David Davenport | One Brother

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United States - Illinois

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Rock: Adult Alternative Pop/Rock Folk: Folk-Rock Moods: Solo Male Artist
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One Brother

by David Davenport

A clear, distinctive voice for those who favor music from the heart, without pretense or precision, yet with power and grace, purpose and wit, beauty and passion.
Genre: Rock: Adult Alternative Pop/Rock
Release Date: 

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  Song Share Time Download
1. One Brother
3:52 $0.79
2. Believe
4:07 $0.79
3. The Dream
4:06 $0.79
4. The Power
2:59 $0.79
5. Big Hill Trail
1:45 $0.49
6. Cabin Up North
3:31 $0.79
7. Lake Elni Trail
1:14 $0.49
8. All In
3:49 $0.79
9. The Trail of Broken Dreams
1:15 $0.49
10. Locomotive Blues
3:45 $0.79
11. The Sweet Water Trail
0:43 $0.49
12. Sylvie
4:43 $0.79
13. Apology
3:23 $0.79
14. Into The Mine
3:32 $0.79
15. The Creekside Trail
0:47 $0.49
16. Someone To Talk To
4:23 $0.79
Downloads are available as MP3-320 files.


Album Notes
Updating his sound from The Big Machine, released in 2003, David gets more intimate with One Brother. This album is recorded almost entirely on a world class grand piano at the prestigious Interlochen Arts Academy near Traverse City, MI. With a voice honed as a one time vocal music student who has sung music as vastly different as Verdi and Van Morrison, the focus and intensity of One Brother will capture your soul. Through nearly 30 years of recording music, from punk rock (Claude Coma - San Diego, 1981), to power pop (The Burdons - Michigan, 1985), to Delta Swing blues (Lorrie Ann & the 3D Rhythm Band, Illinois, 1998), nothing David has recorded has been this passionate and pure.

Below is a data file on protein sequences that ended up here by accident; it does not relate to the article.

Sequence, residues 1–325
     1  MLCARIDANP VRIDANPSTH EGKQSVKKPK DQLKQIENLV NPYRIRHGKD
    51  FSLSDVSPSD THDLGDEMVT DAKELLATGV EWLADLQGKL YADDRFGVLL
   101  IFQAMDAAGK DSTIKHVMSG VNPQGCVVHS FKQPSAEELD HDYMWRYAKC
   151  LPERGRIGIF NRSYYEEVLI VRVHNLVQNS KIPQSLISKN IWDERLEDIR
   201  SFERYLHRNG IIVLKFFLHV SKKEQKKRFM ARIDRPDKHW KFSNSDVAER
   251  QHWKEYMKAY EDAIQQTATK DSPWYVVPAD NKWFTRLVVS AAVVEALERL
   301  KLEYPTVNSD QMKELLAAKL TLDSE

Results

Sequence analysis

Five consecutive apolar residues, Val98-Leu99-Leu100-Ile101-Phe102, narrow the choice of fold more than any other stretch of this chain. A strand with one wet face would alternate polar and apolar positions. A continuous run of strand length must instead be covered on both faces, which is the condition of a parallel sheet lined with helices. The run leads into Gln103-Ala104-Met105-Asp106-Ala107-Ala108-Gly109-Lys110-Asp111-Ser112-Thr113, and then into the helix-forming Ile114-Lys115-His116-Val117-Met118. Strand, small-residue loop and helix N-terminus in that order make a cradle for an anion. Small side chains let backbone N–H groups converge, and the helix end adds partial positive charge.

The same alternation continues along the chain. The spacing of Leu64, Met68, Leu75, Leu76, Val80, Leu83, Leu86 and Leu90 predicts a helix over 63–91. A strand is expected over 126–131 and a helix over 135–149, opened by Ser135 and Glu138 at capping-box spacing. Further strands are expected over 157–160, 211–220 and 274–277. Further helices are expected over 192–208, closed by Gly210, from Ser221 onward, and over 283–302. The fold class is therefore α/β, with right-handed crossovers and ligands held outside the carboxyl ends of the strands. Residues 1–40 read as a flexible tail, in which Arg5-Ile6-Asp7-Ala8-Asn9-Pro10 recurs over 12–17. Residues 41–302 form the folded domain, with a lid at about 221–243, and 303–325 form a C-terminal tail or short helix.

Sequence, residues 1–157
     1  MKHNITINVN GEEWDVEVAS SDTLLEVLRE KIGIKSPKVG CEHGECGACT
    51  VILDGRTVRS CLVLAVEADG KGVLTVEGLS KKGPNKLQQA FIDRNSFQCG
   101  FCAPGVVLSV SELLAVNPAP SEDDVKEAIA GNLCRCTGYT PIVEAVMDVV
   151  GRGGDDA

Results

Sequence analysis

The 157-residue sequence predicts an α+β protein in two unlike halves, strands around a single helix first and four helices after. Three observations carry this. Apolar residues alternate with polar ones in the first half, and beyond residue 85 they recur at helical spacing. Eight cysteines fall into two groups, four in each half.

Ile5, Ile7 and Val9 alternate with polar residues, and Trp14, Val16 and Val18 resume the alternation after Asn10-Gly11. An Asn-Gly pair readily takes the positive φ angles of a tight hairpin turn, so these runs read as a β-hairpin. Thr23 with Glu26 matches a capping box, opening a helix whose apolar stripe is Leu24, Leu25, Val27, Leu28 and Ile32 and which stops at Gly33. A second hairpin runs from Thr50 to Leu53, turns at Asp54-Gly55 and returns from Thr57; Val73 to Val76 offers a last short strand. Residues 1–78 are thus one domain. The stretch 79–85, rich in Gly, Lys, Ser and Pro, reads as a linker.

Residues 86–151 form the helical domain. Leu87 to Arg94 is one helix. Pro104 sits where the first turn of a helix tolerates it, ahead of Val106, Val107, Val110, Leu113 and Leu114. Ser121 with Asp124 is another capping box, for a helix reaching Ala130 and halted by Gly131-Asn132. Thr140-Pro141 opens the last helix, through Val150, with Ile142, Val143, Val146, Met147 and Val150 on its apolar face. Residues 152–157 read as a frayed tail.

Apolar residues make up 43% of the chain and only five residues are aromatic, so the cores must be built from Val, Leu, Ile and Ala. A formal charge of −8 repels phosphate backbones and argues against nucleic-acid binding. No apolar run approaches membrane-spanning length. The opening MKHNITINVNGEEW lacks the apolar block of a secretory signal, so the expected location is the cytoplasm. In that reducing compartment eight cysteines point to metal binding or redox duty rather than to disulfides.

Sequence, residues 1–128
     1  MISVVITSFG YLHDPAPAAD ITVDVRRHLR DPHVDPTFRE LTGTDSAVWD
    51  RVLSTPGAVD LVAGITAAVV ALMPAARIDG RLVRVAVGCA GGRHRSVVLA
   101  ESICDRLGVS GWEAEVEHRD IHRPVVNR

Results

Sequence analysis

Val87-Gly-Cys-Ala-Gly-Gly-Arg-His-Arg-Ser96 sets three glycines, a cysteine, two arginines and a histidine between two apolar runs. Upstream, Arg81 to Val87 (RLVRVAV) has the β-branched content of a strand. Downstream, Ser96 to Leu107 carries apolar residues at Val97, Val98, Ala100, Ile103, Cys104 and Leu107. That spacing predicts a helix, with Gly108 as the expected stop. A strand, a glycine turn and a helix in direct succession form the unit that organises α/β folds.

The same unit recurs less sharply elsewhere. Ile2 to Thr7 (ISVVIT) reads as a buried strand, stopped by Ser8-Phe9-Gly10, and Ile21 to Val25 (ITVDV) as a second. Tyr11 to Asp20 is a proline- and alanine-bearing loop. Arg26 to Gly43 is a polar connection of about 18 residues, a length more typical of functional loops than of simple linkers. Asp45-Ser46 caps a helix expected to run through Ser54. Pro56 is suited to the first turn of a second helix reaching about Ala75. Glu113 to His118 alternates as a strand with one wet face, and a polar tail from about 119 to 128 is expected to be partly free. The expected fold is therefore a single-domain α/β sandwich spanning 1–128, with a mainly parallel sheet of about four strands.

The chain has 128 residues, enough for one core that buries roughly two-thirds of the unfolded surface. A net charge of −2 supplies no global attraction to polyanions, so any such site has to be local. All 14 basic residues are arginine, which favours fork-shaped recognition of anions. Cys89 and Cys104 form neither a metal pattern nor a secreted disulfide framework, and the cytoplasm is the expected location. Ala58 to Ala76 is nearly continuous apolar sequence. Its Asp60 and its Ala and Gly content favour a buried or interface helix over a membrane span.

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So Hot and Dry
It is worth the price of admission just to hear David wail out "Sylvie," a Harry Belefonte standard from -- shoot, I don't know -- 45 years ago. It's not so much that David is breathing new life into the song as much as the song has wrapped itself, finally, around his spine. It is a song of release, or the desperate need for release, and it belongs here as much as any other tune on the CD. Maybe every artist should be required to play "Sylvie."
Line "Sylvie" up with The Dream, One Brother, Locomotive Blues and Believe and, well, you get the sense that David is going somewhere with all of this, in contrast to "Big Machine," in which it seemed he was standing his ground and shaking his fist at just about everything. I do wish this CD had some of that righteous indignation, but damnit . . . . it's been a long, hard road for too many years for too many of us and we hot and tired and dry and prisoners. Prisoners. Listen to Apology and you get a sense of at least one (and yes, it is only one) reason why. So, yes, David is going somewhere with this and, like all good artists, he does not claim to know where. But, he's got a pretty good sense of how he's going to get there. What's the phrase? It's not the destination, it's the journey? Well, as trite as that may sound (and I hate it when I get those greeting cards . . .), it ain't a lie. David provides some interludes, glimpses of the different paths along the way -- up the Big Hill, to the Cabin, down to Lake Elni, through Broken Dreams, on a Locomotive, to Sweet Water, down into the Mine, and at long last to the Creek. All are images of movement, things going up, down, this way and that way . . . . why? Because, we all need someone to talk to, so you better get moving and find somebody or something. And that's where David leaves us -- needing someone to talk to because it's been a long, hard road and we're hot and dry and thirsty and even if you're lying to me, Sylvie (and I know you are) . . . can I have a little water, please? Sylvie?